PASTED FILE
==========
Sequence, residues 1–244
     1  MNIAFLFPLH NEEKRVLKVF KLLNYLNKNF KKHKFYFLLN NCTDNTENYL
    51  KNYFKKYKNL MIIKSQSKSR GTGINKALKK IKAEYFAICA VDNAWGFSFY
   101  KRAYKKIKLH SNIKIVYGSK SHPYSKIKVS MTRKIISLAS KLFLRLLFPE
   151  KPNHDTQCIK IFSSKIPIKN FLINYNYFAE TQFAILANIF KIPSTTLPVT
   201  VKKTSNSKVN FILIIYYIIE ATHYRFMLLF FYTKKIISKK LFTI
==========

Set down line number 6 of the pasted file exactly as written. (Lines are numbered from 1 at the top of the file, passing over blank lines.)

   201  VKKTSNSKVN FILIIYYIIE ATHYRFMLLF FYTKKIISKK LFTI